Thursday, October 8, 2020

Photosynthesis - Notes | Class 11 | Part 4: Dark Reaction



Products of light reaction are ATP, NADPH and O2.Dark reaction is the use of ATP and NADPH to drive the processes for the synthesis of food (sugars).

This phase does not directly depend on the light but is dependent on the products of the light reaction.

It can be verified as follows: Immediately after light becomes unavailable, the biosynthetic process continues for some time, and then stops. If light is available, the synthesis starts again.

CO2 combines with H2O to form (CH2O)n or sugars.

CO2 assimilation during photosynthesis is 2 types:
  • C3 pathway: In this, first stable product of CO2 fixation is a C3 acid (3-phosphoglyceric acid - PGA). Melvin Calvin discovered this using 14C in algal photosynthesis.
  • C4 pathway: In this, first stable product is oxaloacetic acid (OAA), a 4-carbon (C4) organic acid.


It occurs in all photosynthetic plants (C3 or C4 pathways).

It has 3 stages: Carboxylation, Reduction & Regeneration.

1. Carboxylation of RuBP 

RuBP (ribulose bisphosphate - a 5-carbon ketose sugar) is the primary CO2 acceptor.

It is the most crucial step. CO2 is fixed by RuBP to two 3-PGA in presence of the enzyme RuBP carboxylase.

Since this enzyme also has an oxygenation activity it is called RuBP carboxylase-oxygenase (RuBisCO).

RuBisCO is the most abundant enzyme in the world.

2. Reduction 

It is a series of reactions leading to the glucose formation.

Here, 2 ATP molecules for phosphorylation and two NADPH for reduction per CO2 molecule are used.

Fixation of 6 CO2 molecules and 6 turns of the cycle are needed to remove one glucose molecule from the pathway.

3. Regeneration of RuBP 

It is crucial for continuation of the cycle.

It requires one ATP for phosphorylation to form RuBP.

Hence for every CO2 molecule, 3 ATP molecules and 2 NADPH are required.

It is probably to meet this difference in number of ATP and NADPH used in the dark reaction that the cyclic phosphorylation takes place.

To make 1 glucose molecule, 6 turns of the cycle are needed.

What does go in and come out of the Calvin cycle?



6 CO2 

1 glucose

18 ATP

18 ADP




It is present in plants adapted to dry tropical regions.

They also use C3 pathway as main biosynthetic pathway.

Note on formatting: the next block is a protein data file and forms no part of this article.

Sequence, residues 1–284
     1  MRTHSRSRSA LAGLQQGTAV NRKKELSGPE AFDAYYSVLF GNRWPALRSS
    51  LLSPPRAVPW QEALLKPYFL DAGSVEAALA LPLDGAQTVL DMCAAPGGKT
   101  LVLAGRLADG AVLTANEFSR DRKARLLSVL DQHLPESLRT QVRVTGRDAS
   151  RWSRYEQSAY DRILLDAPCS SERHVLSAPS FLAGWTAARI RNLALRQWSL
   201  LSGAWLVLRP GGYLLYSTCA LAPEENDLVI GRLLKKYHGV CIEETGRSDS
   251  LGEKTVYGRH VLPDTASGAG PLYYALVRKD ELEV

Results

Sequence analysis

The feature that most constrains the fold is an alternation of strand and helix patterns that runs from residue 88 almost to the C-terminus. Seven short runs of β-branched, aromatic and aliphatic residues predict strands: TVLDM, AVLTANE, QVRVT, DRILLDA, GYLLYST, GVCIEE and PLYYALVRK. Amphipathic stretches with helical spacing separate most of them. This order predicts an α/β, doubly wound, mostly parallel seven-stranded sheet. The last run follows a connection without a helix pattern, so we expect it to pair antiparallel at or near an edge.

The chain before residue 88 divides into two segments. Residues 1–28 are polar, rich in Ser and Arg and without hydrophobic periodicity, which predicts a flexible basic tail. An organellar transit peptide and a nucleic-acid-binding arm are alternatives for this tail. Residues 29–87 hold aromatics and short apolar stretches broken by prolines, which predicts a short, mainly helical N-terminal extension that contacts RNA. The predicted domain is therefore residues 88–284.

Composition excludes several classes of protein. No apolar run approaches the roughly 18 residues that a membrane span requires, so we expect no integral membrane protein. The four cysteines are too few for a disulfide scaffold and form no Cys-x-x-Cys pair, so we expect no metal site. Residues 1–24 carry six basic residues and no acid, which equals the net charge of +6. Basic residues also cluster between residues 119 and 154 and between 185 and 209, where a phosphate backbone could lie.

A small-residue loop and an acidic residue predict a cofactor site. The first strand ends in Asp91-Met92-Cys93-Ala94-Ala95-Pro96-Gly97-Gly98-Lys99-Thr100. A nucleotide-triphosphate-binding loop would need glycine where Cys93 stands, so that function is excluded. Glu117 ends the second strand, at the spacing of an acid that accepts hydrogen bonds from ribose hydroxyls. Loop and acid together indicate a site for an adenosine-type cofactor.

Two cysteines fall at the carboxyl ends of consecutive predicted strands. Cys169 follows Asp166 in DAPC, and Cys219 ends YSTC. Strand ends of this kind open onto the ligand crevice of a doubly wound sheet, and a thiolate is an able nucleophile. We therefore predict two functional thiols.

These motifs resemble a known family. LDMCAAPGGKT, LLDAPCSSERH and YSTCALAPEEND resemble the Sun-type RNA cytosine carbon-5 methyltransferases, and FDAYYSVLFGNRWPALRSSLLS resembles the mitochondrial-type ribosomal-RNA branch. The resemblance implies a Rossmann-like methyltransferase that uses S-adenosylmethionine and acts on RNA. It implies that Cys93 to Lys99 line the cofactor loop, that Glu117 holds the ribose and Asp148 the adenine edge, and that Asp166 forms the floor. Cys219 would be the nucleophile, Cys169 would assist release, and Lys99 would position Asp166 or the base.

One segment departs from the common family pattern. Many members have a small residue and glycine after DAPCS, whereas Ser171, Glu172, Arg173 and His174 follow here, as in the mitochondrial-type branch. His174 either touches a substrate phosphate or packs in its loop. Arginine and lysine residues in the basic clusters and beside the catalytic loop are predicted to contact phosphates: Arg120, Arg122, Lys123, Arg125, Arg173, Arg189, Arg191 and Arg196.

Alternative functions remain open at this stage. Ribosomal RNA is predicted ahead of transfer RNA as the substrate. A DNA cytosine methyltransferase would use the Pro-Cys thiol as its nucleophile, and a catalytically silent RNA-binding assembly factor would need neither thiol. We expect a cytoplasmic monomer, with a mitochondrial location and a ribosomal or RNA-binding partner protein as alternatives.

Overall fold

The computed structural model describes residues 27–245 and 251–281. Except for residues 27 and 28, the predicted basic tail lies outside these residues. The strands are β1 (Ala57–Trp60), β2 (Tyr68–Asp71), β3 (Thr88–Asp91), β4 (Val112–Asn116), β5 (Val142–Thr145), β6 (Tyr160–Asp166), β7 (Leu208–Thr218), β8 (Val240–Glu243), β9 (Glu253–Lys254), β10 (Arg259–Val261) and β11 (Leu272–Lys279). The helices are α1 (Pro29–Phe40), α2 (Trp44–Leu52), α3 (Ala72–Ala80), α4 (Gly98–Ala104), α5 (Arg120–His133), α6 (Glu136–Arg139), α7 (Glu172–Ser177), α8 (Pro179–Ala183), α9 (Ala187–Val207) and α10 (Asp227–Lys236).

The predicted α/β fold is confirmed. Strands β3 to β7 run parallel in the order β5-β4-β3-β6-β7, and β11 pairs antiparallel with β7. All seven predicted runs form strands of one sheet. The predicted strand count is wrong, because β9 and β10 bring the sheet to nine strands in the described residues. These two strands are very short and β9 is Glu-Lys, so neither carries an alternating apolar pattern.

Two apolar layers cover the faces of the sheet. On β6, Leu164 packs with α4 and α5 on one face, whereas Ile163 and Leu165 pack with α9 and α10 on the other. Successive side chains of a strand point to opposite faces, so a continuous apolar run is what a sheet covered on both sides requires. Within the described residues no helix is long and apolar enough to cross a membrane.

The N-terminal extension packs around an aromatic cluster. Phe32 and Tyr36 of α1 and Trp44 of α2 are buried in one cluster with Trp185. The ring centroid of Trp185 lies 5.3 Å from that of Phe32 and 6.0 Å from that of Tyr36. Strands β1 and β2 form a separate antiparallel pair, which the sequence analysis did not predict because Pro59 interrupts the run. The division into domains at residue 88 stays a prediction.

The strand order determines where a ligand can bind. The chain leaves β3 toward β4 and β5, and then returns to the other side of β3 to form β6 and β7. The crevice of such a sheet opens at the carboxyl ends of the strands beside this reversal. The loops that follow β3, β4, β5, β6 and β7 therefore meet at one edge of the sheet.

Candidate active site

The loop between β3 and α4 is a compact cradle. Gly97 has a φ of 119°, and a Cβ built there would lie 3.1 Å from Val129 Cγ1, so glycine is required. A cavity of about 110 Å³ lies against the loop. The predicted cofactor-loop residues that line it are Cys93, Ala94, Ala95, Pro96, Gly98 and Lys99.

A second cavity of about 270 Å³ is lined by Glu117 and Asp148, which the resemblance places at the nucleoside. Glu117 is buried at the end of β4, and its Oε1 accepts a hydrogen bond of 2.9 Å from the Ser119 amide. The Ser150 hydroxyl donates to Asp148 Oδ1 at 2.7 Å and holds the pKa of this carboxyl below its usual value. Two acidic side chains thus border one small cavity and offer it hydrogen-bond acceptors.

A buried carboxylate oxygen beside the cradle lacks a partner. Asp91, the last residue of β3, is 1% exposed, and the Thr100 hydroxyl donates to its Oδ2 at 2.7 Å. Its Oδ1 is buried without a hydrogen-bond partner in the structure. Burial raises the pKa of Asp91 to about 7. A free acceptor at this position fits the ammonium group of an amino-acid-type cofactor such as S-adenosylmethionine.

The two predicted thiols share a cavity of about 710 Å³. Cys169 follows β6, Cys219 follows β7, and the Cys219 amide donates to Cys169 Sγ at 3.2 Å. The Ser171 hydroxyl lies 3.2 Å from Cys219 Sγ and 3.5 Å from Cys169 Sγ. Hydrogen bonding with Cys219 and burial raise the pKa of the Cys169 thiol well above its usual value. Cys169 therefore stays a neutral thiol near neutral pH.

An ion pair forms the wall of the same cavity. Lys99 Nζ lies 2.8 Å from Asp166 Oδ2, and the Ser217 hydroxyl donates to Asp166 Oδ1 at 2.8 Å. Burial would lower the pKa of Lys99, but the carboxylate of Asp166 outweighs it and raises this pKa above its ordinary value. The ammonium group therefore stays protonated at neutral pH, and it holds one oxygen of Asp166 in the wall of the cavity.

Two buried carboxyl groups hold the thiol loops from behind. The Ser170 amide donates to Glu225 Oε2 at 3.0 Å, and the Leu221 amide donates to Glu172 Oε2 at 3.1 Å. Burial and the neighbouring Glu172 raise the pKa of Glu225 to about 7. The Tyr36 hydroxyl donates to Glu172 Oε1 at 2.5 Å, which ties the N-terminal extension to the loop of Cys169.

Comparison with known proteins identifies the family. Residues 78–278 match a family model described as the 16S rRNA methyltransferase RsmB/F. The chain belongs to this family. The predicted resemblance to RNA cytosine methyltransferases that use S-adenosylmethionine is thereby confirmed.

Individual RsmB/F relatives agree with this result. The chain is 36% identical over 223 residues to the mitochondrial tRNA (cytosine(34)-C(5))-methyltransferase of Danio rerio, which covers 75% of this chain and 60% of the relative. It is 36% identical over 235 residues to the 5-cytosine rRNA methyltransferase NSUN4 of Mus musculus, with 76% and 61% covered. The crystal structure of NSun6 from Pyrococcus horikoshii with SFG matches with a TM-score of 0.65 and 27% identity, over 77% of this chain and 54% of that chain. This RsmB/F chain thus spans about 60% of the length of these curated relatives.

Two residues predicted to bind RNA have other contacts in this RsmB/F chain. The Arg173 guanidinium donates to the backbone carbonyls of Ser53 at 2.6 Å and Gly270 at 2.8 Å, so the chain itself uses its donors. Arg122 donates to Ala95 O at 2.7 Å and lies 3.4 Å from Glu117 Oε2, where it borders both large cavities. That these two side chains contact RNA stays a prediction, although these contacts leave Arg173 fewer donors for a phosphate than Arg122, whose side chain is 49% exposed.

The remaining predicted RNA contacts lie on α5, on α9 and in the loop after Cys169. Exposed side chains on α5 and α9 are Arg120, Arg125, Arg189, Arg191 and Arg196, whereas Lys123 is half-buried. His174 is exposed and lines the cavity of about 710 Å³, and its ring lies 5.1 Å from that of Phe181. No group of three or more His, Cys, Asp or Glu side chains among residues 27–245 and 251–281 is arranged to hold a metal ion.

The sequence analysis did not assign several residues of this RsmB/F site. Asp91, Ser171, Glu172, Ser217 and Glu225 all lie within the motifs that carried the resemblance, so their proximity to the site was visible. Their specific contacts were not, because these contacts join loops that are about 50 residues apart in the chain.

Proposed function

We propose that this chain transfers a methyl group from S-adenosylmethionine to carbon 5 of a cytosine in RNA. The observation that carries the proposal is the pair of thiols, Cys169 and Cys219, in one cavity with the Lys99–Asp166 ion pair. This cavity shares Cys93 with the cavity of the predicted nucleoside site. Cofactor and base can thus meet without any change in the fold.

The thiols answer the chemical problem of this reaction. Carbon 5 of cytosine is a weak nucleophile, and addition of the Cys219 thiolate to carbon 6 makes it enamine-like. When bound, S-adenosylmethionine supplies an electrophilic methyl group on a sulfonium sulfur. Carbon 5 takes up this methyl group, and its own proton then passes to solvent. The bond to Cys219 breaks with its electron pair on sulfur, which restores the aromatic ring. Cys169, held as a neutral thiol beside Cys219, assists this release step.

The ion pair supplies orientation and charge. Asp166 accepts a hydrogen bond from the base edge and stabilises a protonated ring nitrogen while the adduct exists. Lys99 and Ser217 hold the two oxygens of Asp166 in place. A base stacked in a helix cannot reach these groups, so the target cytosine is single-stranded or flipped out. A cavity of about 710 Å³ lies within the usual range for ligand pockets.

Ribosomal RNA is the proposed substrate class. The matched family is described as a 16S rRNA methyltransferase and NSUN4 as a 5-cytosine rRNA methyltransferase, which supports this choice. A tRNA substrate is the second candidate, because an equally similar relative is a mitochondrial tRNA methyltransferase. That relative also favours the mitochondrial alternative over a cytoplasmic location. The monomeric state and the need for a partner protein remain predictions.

The large cells around the vascular bundles of the C4 plants are called bundle sheath cells. Such anatomy is called ‘Kranz’ anatomy (‘Kranz’ = ‘wreath’).

The bundle sheath cells may form several layers around the vascular bundles.

They have large number of chloroplasts, thick walls impervious to gas exchange and no intercellular spaces.

Steps of Hatch and Slack Pathway 

Primary CO2 acceptor is phosphoenol pyruvate (PEP) - a 3-carbon molecule seen in mesophyll cells. The enzyme for this fixation is PEP carboxylase (PEPcase).

The mesophyll cells lack RuBisCO enzyme.

The C4 acid OAA is formed in the mesophyll cells.

It then forms other 4-carbon acids like malic acid or aspartic acid. They are transported to bundle sheath cells.

In the bundle sheath cells, C4 acids are broken down to release CO2 and a C3 molecule.

The C3 molecule is transported back to mesophyll where it is converted to PEP again.

The released CO2 enters the C3 pathway.

Bundle sheath cells are rich in RuBisCO, but lack PEPcase. Thus C3 pathway is common to C3 & C4 plants.

C4 plants are special because:
  • They have a special type of leaf anatomy (Kranz).
  • They tolerate higher temperatures.
  • They show a response to high light intensities.
  • They lack photorespiration.
  • They have greater productivity of biomass.


In Calvin pathway, RuBP combines with CO2.

Active site of RuBisCO can bind to CO2 & O2 – so the name.

RuBisCO has a greater affinity for CO2 than for O2. This binding is competitive. Relative concentration of O2 and CO2 determines which one will bind to the enzyme.

In C3 plants, some O2 bind to RuBisCO. Hence CO2 fixation is decreased. Here RuBP binds with O2 to form one molecule of phosphoglycerate and phosphoglycolate. This pathway is called photorespiration.

In this, there is no synthesis of sugars, ATP and NADPH. Hence photorespiration is a wasteful process. Rather it causes the release of CO2 by using ATP.

In C4 plants, photorespiration does not occur because they can increase CO2 concentration at the enzyme site. This takes place when C4 acid from the mesophyll is broken down in the bundle cells to release CO2. This minimises the oxygenase activity of RuBisCO.

Due to the lack of photorespiration, productivity and yields are better in C4 plants. Also, these plants show tolerance to higher temperatures.

Differences between C3 and C4 plants

C3 plants

C4 plants

1.    Photosynthesis occurs in mesophyll cells.

In mesophyll and bundle sheath cells.

2.    Kranz anatomy is absent.


3.    RuBP is the primary CO2 acceptor.

PEP is the primary CO2 acceptor.

4.    3-PGA, a 3-C compound is the first stable product.

OAA, a 4-C compound is the first stable product.

5.    Chloroplasts are of only one type (granal).

Dimorphic (granal in mesophyll and agranal in bundle sheath).

6.    Photorespiratory loss is high.

Photorespiration is absent or negligible.

7.    High CO2 compensation point (25-100 ml. CO2 l-1).

Low CO2 compensation point (0-10 ml. CO2 l-1).

8.    Optimum temperature for photosynthesis is about 25oC.

About 35oC - 45oC.

9.    Photosynthetically less efficient and productivity low.

Photosynthetically more efficient and productivity high.

10.  E.g. Rice, wheat, bean, potato.

E.g. Maize, sugarcane, amaranth, sorghum.

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